The Indian government suspended BEML's CMD VRS Natarajan following a recommendation by the CBI that he should be kept away from the post to ensure fair investigation
New Delhi: The Defence Ministry on Monday suspended BEML Chief VRS Natarajan in connection with the Tatra case on a recommendation by the Central Bureau of Investigation (CBI) after former Army Chief Gen VK Singh levelled allegations that he was offered Rs14 crore bribe to clear a deal for 600 trucks, reports PTI.
The move comes a few days after the Defence Ministry issued a show cause notice to the BEML Chief for slapping a defamation notice against Gen VK Singh without its permission.
"The Government has put the CMD of BEML VRS Natarajan under suspension following a recommendation by the CBI that he should be kept away from the post to ensure fair investigation. The CBI is currently investigating into various charges against Natarajan," Defence Ministry spokesperson Sitanshu Kar said here.
"The charge of CMD has been given to P Dwarkanath, the senior most functional Director in BEML," he said.
Following a disappointing economic growth of nine-year low of 6.5% in FY12, there have been concerns that India's expansion rate this fiscal may slip further
New Delhi: Dismissing concerns that India's growth rate may drop below 6.5%, Finance Minister Pranab Mukherjee on Monday said 2012-13 would be the turnaround year for the economy, reports PTI.
Addressing a conference of top officials of the Income Tax (I-T) Department, he said steps are being taken to put India back on path of high economic growth.
"We are taking all necessary steps to ensure that we come back to the path of the targeted GDP growth. Of course it will take some time...but from this year we expect to make a turn around," Mukherjee said.
In the Budget 2012-13, the government had pegged 2012-13 GDP growth at 7.6% (plus, minus 0.25%).
Following a "disappointing" economic growth of nine-year low of 6.5% in 2011-12, there have been concerns that India's expansion rate this fiscal may slip further.
Mukherjee said that after the 2008 economic crisis, the GDP growth slipped to 6.7% in 2008-09, but bounced back to 8.4% in the following two financial years.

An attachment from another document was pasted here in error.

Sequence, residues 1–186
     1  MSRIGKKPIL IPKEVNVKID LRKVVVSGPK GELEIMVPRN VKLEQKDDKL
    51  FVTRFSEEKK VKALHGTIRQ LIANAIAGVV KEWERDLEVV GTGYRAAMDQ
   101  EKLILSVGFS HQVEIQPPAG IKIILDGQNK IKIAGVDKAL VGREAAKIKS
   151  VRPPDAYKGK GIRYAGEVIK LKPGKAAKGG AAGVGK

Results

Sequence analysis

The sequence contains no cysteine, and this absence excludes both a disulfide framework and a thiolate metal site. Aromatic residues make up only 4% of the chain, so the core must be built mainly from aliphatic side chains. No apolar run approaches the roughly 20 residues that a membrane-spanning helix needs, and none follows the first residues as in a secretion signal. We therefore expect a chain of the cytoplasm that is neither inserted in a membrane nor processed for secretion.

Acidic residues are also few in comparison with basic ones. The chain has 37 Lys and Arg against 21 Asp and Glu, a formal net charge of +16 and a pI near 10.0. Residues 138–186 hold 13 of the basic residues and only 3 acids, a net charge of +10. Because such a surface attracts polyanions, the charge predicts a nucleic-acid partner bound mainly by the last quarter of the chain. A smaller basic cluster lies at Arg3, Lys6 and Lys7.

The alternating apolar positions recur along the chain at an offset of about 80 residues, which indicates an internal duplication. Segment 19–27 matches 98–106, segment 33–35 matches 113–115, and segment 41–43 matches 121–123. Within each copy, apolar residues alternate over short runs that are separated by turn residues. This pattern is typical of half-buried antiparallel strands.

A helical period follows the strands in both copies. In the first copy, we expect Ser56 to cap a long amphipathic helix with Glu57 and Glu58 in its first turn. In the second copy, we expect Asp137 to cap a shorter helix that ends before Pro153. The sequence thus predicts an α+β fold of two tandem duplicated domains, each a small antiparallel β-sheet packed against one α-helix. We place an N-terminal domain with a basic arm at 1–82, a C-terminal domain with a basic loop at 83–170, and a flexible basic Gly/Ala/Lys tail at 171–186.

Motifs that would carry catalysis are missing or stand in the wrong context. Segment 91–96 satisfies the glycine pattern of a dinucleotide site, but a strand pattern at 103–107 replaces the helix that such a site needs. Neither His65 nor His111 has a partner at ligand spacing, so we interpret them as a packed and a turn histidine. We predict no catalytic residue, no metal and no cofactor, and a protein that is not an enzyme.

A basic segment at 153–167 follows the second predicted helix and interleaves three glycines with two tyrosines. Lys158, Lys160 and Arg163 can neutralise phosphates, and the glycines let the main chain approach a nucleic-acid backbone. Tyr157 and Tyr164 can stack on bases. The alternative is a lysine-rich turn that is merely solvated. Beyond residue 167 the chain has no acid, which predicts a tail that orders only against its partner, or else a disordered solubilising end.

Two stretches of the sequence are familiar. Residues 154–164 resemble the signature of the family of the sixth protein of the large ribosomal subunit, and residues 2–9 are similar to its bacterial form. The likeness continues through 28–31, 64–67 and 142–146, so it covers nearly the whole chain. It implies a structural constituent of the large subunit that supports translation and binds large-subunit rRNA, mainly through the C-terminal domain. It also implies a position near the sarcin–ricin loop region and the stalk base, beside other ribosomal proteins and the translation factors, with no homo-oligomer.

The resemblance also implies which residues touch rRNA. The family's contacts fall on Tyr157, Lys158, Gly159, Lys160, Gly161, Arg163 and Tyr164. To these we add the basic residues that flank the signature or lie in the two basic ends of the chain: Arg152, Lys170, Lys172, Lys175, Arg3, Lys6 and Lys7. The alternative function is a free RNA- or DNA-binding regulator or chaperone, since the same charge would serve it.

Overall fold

Highlighting the positives in the economy, Mukherjee said interest rate cycle has been reversed and there is growth in mining sector, turnaround in investment growth rate and there are predictions of normal monsoon, besides decline in crude oil prices.
"All these factors should help in recovery of domestic growth momentum," he added.
On direct tax collection target of Rs5.70 lakh crore ($103 billion) for the current fiscal, he said it was achievable. "I do feel this target is moderate and can be achieved," he said while asking the tax officials to work "relentlessly" to improve tax collection.
In 2011-12, the direct collection at Rs4.95 lakh crore was marginally down from the revised target of Rs5.05 lakh crore.
Mukherjee said that while renewed growth momentum will help improve direct collection, there are several challenges before the I-T Department.
He expressed concern over decline in tax-GDP ratio and asked the officials to reverse the trend. The tax-GDP ratio has dropped to 10.5% in 2011-12, from 12% in 2007-08.
Mukherjee said the Direct Tax Code (DTC) Bill will be introduced in Parliament in the forthcoming Monsoon Session and would be affected from next fiscal.
"I am hoping that DTC will be effective from 1 April 2013," he said, adding that the time has come for the I-T Department to prepare itself for the transition from the Income Tax Act, 1961 to the new direct tax regime.
The Finance Minister further said the department has been striving to check the menace of black money and tax evasion, which eat into the vitals of the economy and pose threats to national security through linkages to money-laundering and terrorism.
He said the government has commissioned a study on unaccounted income and wealth and it is likely to be completed in September.
Also, a report of a committee on strengthening of existing laws relating to black money is being examined by the government.
"I hope that these two studies will help in identifying the gaps in present legislative and administrative framework and shall help us in checking the menace of black money through an effective policy response," Mukherjee added.